“You have heard that it was said, ‘Love your neighbor and hate your enemy.’ But I tell you, love your enemies and pray for those who persecute you, that you may be children of your Father in heaven.”

Matthew 5:43-45


Around thirty years ago when I started following God I prayed, “Fill me with your love, God, and help me share it with others.” A distinctly warm feeling that I’ll never forget filled my heart. After that, sharing God’s love with others became natural for me – no effort required. And, as I gave his love to others, I felt it returned to me, over and over. I realized I had become transformed.

Would the love of God protect me from a painful relationship that later developed? Would I be able to keep loving though I was badly hurt?

Some of you will remember the poem If by Rudyard Kipling that I have talked about. Often a line or two comes to mind, reminding me of a meaningful truth. Not long ago, the following lines came to my attention and reminded me of what Jesus had said about loving our enemies, even those who persecute us: “Or, being lied about, don’t deal in lies, or, being hated, don’t give way to hating.”

I thought to myself: I don’t think I usually hate others when I’m hated. Mostly I just hurt.

How is it for you? Do you give way to hating when a person shows hatred for you? Or do you, like me, just hurt?

The question we’re posing here is: “are you able to love in spite of it?”

When you are being hurt by a person you love, and you tell this person that she’s hurting you…and the hurting continues with no remorse shown, nor apology given…must we keep on loving as Jesus tells us to? And if this person ends up despising us, not loving us back, why go on loving?

When we believe in God to be our Father in heaven we will have his character in us and are inclined to act as we see him act. We share the love he has put inside us. All of us who received God’s kingdom as innocent and humble children are growing in his care. He will give us the strength we need to stand up to our enemies, while still showing them love.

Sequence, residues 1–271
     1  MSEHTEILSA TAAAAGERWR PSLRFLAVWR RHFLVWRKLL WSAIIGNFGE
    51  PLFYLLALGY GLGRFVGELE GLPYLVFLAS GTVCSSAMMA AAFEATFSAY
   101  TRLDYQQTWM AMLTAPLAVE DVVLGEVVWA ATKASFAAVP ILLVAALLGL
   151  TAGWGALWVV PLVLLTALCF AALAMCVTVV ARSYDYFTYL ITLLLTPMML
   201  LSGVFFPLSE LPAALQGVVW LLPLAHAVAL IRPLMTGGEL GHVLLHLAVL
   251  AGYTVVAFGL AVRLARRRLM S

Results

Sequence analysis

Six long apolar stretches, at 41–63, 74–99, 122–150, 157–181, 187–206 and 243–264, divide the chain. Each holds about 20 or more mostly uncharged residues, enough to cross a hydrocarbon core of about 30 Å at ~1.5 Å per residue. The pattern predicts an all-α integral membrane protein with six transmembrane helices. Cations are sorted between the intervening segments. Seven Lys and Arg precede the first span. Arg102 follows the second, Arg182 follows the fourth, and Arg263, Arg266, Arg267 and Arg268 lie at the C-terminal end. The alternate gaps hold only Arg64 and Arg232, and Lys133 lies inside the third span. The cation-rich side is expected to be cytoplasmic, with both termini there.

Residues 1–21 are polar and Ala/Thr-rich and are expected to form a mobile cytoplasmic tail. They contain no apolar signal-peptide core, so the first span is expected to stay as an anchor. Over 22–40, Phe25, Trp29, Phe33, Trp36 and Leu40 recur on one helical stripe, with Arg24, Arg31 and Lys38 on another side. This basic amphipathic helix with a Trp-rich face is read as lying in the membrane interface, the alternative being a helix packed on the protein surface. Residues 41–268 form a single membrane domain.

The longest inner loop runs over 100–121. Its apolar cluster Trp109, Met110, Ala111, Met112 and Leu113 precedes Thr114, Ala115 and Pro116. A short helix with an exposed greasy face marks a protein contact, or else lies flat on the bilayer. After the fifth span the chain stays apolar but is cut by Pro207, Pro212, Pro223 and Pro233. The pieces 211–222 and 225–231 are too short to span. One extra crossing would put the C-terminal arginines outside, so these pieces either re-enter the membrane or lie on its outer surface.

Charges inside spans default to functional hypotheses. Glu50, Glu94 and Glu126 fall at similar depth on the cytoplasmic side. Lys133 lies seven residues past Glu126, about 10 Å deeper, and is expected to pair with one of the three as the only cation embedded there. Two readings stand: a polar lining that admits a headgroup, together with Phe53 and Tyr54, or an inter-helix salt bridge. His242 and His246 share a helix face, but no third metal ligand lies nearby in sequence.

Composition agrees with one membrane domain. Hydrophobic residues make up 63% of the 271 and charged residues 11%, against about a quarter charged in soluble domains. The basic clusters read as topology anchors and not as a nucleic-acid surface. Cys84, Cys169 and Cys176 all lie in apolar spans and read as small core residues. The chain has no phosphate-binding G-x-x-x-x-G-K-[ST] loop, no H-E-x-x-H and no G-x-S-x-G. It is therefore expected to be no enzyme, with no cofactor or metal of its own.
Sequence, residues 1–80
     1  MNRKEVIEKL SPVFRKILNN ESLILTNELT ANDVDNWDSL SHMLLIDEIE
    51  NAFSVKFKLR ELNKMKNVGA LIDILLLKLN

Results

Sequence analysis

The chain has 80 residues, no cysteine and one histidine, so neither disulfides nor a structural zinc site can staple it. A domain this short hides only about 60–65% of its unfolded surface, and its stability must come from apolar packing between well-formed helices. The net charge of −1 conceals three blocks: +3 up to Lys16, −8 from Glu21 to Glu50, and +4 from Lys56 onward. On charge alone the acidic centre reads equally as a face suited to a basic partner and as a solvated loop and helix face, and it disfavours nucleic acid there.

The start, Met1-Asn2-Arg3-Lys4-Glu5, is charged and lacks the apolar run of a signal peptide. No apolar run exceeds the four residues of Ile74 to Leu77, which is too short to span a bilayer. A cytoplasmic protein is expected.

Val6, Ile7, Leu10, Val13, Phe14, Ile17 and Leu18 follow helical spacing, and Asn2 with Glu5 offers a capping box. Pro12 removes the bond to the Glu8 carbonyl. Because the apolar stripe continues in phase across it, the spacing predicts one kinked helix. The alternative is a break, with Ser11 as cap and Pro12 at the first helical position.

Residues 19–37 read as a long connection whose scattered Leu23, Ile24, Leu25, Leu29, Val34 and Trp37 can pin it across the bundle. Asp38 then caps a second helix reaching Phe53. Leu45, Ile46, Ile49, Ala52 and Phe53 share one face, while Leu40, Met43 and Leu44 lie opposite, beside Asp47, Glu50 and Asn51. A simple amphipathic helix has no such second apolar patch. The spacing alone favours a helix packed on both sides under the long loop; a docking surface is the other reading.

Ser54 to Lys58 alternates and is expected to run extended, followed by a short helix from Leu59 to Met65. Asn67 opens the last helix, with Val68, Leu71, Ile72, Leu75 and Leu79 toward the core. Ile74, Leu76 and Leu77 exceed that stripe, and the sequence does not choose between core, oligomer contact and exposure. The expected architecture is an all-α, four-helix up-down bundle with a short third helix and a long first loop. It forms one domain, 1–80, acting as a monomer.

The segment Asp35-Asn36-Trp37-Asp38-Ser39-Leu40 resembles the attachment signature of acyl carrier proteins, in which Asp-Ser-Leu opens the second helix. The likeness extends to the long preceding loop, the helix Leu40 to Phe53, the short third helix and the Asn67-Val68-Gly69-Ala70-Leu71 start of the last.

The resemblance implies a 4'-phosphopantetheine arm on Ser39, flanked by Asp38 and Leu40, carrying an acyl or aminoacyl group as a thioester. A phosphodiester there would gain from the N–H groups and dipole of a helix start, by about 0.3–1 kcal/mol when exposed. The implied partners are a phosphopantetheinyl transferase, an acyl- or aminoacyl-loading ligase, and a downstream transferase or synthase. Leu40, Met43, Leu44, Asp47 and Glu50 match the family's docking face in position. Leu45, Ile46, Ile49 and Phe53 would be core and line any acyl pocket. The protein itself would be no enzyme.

Jesus’ words are clear: “love your enemies.” Treat people the way you want to be treated. With this he means that we must keep on loving them, no matter what, “that you may be children of your Father in heaven” (verse 45). With this promise and God’s love in our hearts, we will be empowered to love our enemies, pray for them, and ask God to help them.

The following from Romans 12:21 brings a wonderful positive message that I myself have been clinging to: Do not be overcome by evil, but overcome evil with good,” It’s a message that speaks volumes about how God wants us to conquer our difficulties and become victors instead of living as victims.

When we experience evil, we can learn from it and actually use it to do good. For example, I have lived with BPD for a few years now. I have learned what it means to be stigmatized and know the great harm it does. I now feel inspired to try and better things for others – to “overcome evil with good.”

Currently I’m considering my BPD disorder as a gift, something that has caused me a lot of pain but that I can now use to support others. With God’s help and this knowledge, I’m hoping to make a difference.

And, as so often happens, when we help others, we help ourselves as well!

God is good!